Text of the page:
HIV-Related Stigma and Knowledge in the U.S., 1991-1999

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5. Misinformation about HIV transmission through casual contact increased over the 1990s


Virtually all respondents understood that HIV can be spread through sharing needles and unprotected sex with an infected partner, but many did not understand how HIV is not transmitted.

Throughout the decade, roughly half of the respondents believed that AIDS could be contracted from sharing a drinking glass.

In 1991, somewhat fewer than half believed that AIDS could be spread through a cough or sneeze; the proportion expressing this belief peaked at 54% in 1997, and then declined to 50% in 1999.

About one third of 1991 respondents believed that AIDS could be contracted from a public toilet, and the proportion increased significantly to nearly 41% by the end of the decade.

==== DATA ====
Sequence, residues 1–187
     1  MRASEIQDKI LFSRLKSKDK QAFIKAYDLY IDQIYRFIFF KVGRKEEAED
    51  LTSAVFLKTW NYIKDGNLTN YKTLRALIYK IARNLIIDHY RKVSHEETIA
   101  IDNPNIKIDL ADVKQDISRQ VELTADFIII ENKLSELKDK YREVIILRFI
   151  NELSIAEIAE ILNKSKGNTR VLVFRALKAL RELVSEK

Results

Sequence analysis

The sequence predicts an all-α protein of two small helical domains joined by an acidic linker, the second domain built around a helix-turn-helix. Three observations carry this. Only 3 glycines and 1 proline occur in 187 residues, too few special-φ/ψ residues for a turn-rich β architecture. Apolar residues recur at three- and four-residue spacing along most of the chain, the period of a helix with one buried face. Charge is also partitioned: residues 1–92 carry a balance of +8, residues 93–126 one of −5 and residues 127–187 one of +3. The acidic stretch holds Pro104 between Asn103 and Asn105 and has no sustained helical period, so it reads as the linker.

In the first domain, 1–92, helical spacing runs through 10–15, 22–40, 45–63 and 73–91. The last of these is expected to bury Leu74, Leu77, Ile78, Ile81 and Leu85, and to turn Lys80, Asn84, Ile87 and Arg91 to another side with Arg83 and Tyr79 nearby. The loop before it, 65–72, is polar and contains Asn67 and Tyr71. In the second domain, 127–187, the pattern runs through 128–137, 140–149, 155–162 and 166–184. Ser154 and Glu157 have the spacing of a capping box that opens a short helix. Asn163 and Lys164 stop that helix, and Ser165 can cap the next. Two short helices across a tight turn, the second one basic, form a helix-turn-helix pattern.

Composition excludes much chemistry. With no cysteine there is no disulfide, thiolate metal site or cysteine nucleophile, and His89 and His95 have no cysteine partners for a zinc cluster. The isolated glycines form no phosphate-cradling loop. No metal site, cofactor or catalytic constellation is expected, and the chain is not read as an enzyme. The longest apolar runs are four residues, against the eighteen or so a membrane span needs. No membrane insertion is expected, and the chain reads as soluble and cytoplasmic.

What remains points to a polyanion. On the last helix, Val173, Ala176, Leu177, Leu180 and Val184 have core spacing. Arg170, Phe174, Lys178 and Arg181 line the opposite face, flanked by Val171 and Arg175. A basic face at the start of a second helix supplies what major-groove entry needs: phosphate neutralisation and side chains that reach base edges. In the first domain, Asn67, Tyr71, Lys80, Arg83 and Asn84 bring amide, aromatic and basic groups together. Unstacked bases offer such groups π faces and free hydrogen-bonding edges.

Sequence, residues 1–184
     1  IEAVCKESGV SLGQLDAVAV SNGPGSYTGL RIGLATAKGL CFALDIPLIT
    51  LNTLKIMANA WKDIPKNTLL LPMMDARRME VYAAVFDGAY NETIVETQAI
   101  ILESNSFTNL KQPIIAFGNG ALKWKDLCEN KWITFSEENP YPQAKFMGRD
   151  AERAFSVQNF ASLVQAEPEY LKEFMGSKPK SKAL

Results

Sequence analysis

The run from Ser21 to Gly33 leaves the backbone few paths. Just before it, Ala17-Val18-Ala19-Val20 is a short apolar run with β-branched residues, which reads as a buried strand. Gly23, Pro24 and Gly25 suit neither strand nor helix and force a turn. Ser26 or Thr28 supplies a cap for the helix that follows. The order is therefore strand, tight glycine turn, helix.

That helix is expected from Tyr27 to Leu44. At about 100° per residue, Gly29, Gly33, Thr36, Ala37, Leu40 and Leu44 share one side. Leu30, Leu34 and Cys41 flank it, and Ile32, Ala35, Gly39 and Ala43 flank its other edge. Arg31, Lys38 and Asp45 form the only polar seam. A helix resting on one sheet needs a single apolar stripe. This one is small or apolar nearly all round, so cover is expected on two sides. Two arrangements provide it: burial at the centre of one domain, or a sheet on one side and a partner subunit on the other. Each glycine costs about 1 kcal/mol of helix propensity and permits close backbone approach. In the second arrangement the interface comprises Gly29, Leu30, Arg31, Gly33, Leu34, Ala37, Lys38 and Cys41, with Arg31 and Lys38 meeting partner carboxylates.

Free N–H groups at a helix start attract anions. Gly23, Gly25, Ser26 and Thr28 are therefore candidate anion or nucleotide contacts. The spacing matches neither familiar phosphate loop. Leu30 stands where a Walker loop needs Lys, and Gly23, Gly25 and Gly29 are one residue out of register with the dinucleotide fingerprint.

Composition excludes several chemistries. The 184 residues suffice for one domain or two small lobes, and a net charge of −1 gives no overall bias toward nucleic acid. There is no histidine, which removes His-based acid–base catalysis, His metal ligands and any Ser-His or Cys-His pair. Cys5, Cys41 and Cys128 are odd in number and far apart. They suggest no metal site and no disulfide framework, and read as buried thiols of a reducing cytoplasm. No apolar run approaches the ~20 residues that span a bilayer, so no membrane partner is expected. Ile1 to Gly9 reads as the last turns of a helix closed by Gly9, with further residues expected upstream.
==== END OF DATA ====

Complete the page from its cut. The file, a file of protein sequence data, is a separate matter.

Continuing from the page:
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Item Wording

"These next questions are about the different ways some people think AIDS might be spread. As I read each of the following, please tell me how likely you think it is that a person could get AIDS or AIDS virus infection in that way."

Drinking glass: "How about sharing a drink out of the same glass with someone who has the AIDS virus? Would you say if someone does that they're very likely, somewhat likely, somewhat unlikely, very unlikely to get AIDS, or is it impossible to get AIDS from sharing a glass with someone who has the AIDS virus?"

Public toilets: "How about by using public toilets?

Cough/sneeze: "How about from being coughed on or sneezed on by someone who has the AIDS virus?"

Graphic shows the proportion responding "very likely," "somewhat likely," or "somewhat unlikely."



From: Herek, G. M., Capitanio, J. P., & Widaman, K. F. (2002). HIV-related stigma and knowledge in the United States: Prevalence and trends, 1991-1999. American Journal of Public Health, 92(3).
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